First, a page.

Fascinating navigational skills in ants

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In the recently published review paper “Neuroplasticity in desert ants (Hymenoptera: Formicidae) – importance for the ontogeny of navigation” in Myrmecological News, Wolfgang Rössler reviews the impressive behavioural and neuronal plasticity in the desert ant Cataglyphis at their transition from interior worker to forager. In this review, Cornelia Buehlmann highlights his main points.

A Review compiled by Cornelia Bühlmann

Fascinating navigational skills in ants

Navigation is a universal behaviour and of great importance for most animals including humans. In our everyday life, we constantly navigate through the world using learnt information essential to move along routes or to return to known places. Even though we often believe ourselves to have good spatial knowledge, we observe much more impressive navigational behaviours in the animal kingdom. For instance, homing pigeons find their way back to their home loft even from unfamiliar places, and some seabirds forage for food covering huge distances and always manage to return to their specific nesting site.

Other animals with remarkable spatial behaviour are the social insects such as honeybees or ants. Early Nobel Prize winning research has described the insects’ remarkable spatial behaviour (von Frisch 1967), and ants and bees nowadays provide a unique tool for unravelling the mechanisms of navigation due to their robust, repeatable, and impressive natural foraging performance. 

In the last few decades, one particularly productive line of research has been from studies of navigation in the fascinating Cataglyphis desert ants (see Wehner 2009, Collett & al. 2013, Knaden & Graham 2016). On sunny summer days, Cataglyphis desert ants flit around on the scorching desert ground, and during such a foraging journey, an ant worker can reach a position hundreds of meters away from her nest from where she needs to be able to return home to her colony (Knaden & Graham 2016, and references therein). With a good directional sense driven by celestial mechanisms and a step counter to measure the distances covered, ants can implement an innate navigational mechanism called path integration, which is widespread among animals (reviewed in Ronacher 2008, Heinze & al. 2018). A continuous update of direction and distance informs ants where they are relative to their nest so that they can take the quickest route home when they have a food item or it becomes too hot (Figure 1).

In addition to path integration, ants learn and use visual information for navigation (reviewed in Zeil 2012, Wehner & al. 2014). Ant foragers need to memorise the visual surroundings and also calibrate their sensory system.

Figure 1: Cataglyphis fortis foragers (ant is out of scale in this image) in the Tunisian salt lake cover huge foraging distances using multiple navigational cues to successfully navigate.

At the beginning of an ant’s foraging life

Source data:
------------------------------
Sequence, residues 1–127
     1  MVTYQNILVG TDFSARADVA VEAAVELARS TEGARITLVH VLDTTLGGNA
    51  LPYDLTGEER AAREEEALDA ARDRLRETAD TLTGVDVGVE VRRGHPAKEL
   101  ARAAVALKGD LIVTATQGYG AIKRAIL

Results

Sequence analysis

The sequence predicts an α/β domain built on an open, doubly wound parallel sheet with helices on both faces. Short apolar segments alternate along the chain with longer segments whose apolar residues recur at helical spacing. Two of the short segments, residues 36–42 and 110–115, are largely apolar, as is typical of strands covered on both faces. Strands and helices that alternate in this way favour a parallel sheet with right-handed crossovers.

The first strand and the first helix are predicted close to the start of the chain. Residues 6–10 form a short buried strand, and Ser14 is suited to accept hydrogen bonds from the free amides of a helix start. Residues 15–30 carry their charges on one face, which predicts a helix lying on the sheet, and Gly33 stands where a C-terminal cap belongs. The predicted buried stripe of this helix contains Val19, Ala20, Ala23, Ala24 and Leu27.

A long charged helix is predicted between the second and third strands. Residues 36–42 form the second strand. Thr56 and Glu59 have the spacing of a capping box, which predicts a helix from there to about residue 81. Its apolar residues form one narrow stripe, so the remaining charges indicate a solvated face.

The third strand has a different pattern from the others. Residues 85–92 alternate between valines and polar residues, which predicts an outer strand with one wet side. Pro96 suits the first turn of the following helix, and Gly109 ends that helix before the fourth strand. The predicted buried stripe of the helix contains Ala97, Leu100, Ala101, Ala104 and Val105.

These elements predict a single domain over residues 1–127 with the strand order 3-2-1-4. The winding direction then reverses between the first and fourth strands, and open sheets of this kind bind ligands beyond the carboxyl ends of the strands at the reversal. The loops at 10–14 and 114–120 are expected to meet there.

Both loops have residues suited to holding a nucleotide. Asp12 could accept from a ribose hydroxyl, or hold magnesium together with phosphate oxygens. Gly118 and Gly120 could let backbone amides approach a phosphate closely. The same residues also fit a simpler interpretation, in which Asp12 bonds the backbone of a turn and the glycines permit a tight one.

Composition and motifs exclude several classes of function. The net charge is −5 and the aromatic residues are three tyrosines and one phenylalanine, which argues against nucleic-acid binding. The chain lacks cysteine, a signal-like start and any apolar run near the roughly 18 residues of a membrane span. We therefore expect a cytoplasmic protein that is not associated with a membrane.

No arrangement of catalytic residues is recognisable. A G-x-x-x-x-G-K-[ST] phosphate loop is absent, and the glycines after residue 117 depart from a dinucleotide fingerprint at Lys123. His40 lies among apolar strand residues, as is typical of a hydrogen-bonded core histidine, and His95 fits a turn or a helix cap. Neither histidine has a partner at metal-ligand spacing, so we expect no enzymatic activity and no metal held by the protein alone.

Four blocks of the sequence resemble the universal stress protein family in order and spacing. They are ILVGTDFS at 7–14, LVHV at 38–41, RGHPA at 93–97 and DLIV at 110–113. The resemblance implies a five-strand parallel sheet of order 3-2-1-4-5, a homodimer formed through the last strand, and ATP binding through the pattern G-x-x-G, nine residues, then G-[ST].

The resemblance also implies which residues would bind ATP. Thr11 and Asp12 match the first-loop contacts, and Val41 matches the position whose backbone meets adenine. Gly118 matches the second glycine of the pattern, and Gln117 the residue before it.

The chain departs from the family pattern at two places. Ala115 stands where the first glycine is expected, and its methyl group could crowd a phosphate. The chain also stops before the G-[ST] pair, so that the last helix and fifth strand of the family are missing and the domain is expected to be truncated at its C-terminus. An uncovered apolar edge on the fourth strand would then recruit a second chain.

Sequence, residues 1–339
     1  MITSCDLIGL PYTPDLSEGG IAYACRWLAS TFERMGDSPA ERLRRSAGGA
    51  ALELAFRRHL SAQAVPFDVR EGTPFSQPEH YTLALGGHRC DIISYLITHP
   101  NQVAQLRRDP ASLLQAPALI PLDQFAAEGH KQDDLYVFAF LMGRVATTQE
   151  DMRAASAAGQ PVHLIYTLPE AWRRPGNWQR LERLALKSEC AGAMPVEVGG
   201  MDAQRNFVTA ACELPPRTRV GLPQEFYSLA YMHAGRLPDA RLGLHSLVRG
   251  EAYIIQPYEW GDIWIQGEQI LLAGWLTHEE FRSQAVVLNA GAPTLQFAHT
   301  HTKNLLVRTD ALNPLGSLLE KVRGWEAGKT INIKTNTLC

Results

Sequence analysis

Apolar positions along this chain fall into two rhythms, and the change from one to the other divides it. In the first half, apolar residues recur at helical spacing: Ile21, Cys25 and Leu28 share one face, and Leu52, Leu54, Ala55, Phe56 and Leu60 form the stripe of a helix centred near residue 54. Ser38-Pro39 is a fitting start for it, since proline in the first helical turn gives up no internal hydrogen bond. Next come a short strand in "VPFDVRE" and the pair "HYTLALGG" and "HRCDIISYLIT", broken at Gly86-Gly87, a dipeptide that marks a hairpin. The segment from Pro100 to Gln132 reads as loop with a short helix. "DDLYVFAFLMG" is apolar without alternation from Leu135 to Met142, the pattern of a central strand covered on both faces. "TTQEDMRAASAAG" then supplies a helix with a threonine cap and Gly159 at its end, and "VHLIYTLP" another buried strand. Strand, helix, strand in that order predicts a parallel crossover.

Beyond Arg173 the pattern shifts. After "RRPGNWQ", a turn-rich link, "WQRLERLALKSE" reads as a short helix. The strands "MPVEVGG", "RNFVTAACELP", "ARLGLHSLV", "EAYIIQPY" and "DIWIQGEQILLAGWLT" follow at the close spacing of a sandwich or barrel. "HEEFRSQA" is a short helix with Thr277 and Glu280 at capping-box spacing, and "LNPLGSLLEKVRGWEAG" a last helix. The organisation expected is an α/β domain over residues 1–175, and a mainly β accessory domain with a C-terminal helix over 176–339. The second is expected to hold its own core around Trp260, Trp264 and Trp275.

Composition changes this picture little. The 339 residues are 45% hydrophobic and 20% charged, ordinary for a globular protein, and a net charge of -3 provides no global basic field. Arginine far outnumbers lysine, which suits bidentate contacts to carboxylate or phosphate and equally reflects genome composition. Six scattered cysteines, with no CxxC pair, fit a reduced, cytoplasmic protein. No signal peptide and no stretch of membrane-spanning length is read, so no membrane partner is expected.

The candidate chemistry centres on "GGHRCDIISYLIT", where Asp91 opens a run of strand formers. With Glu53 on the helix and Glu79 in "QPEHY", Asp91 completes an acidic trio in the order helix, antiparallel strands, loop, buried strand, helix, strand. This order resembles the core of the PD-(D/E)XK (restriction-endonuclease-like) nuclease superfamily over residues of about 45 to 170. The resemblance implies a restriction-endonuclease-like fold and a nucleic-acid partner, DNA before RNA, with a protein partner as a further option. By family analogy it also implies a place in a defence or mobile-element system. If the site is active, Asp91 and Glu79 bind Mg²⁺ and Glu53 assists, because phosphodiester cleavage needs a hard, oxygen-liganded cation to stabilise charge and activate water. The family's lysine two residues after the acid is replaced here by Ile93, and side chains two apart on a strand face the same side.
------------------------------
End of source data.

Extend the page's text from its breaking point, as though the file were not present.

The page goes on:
In this recently published review article, Wolfgang Rössler provides a nice overview of the behavioural transition at the start of an ants’ foraging activity that facilitates establishing and setting-up of their navigational toolkit (Rössler 2019). Before becoming expert foragers and navigators, ants stay underground in their dark nest for the first month of their lives doing household tasks (see Figure 2). When an ant emerges from the dark nest and experiences bright sunlight for the first time, her sensory input changes. At this point, she has to acquire the necessary knowledge to succeed as a forager. This involves learning about the nest location and the ephemeris function, which describes how the sun moves during the day for that place and moment in time. During this inside-out transition, ants spend 2-3 days performing short journeys around the nest entrance, walking multiple loops in different directions around the nest and repeatedly stopping, turning, and looking back to the nest. These well-choreographed learning routines, so-called learning walks, are crucial, and their general purpose is the acquisition of information about the visual surroundings of the nest with relation to celestial compass cues. Until recently, we didn’t know how ants control these nest fixations, but from recent experiments performed by Wolfgang Rössler and his co-workers, we have learnt that the earth’s magnetic field is used as a reference to align these nest-directed views in naïve ants (Rössler 2019).   Studying ant behaviour in their natural environment allows researchers to closely investigate how the ants’ natural sensory ecology influences their behaviour. Learning walks across different ant species show many similarities, however, high-speed video recordings of learning walks from Cataglyphis species in various habitats have revealed that learning walks are adapted to their visual ecology (Rössler 2019). Rössler and other researchers from his lab have shown that ants from cluttered environments providing rich visual information perform multiple precise movements which result in fixations of the nest when the ant can store useful panoramic snapshots. Species from barren terrains, however, rarely show these fixations as part of their general learning, and for them, these learning walks are probably used to learn more about the ephemeris function.